Landsberg saw action at Inyezane (22 January 1879) during the Zulu War. During the Zulu Rebellion 1906, Landsberg again appears to have performed a special duty. "The Intelligence Officer at this important post (Krantzkop) was Capt. M. Lansberg, U.M.R. whose information from the date of his assumption of duty to the conclusion of the Rebellion was remarkably full and accurate" A document dated 1908, provides an intriguing insight into Landsberg's activities during the Zulu Rebellion. In terms of the document Landsberg lodges a claim regarding the payment of detectives he appointed to gather intelligence at the reguest of the Prime Minister of Natal. In 1907 he was appointed Justice of the peace for the Kranskop area of the Umvoti and Magistrate of the Umvoti Division at Greytown in 1911. In 1908 he claimed prize money for activities relating to the Basuto War of 1880/81, presumably for the recovery of cattle.
NOTE: Landsberg's Volunteer Long Service Medal was gazette in the Natal Government Gazette on 7 January 1902 (Capt H.M. Landsberg UMR) He was inadvertently gazette in the Natal Government Gazette on 18 September 1906 for the Colonial Auxiliary Forces medal ( Capt J.H.M. Landsberg UMR). His Colonial Auxiliary Forces Officers Decoration was gazette in the Natal Government Gazette on 24 May 1910 (Capt. M. Landsberg UMR), being the last of the 25 decorations awarded to Natal Officers.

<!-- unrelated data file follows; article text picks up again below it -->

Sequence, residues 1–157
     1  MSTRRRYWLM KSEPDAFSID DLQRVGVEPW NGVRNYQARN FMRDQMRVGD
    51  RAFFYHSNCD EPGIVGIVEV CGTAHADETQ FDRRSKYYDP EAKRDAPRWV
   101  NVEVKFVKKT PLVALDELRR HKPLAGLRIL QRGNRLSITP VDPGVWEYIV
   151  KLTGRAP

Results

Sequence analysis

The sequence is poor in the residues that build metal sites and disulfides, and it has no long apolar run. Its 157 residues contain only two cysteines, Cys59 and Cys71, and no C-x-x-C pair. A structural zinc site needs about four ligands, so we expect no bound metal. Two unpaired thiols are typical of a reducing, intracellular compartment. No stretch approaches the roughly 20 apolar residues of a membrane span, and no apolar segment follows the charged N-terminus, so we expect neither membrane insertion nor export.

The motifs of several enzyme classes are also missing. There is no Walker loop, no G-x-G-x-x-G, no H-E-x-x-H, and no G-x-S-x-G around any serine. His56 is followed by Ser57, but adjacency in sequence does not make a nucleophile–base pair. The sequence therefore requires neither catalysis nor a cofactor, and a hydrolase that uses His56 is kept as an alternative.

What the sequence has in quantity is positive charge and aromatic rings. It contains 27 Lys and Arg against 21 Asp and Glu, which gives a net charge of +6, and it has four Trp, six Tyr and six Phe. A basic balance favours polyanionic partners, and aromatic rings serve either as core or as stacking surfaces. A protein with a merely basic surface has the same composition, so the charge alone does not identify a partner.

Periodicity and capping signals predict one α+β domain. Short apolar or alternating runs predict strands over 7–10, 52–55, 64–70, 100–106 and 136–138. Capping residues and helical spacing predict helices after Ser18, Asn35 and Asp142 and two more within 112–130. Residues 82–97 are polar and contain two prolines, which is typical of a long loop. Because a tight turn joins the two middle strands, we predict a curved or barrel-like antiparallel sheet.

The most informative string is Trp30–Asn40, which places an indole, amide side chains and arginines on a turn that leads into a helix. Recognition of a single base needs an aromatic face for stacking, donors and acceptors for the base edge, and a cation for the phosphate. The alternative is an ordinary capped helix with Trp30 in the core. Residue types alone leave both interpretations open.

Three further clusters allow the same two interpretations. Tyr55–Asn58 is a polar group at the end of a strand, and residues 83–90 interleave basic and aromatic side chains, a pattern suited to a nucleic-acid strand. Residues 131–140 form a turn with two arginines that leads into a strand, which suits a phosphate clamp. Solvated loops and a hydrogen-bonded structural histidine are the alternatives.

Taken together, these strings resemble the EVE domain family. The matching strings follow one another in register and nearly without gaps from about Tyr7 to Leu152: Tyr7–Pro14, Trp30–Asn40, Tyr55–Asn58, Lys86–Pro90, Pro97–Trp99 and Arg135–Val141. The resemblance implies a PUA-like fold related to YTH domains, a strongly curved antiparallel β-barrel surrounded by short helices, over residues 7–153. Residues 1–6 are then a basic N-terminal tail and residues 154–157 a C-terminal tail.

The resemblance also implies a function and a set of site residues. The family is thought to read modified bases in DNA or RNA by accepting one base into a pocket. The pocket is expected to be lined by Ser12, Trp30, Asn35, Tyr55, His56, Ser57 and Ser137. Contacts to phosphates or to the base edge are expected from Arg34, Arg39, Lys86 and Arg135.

The early days of the UMR are closely tied to their Commanding Officer during the Boer War, Lieutenant-Colonel George Leuchars DSO, who also represented Greytown in Natal's Legislative Assembly. He still commanded the regiment in 1906 in the early days of the Natal (Bambata) Rebellion, although he relinquished that command to become OC Troops in Natal, for which he was rewarded with a CMG. His political career also bloomed, and he went on to become Sir George Leuchars KCMG.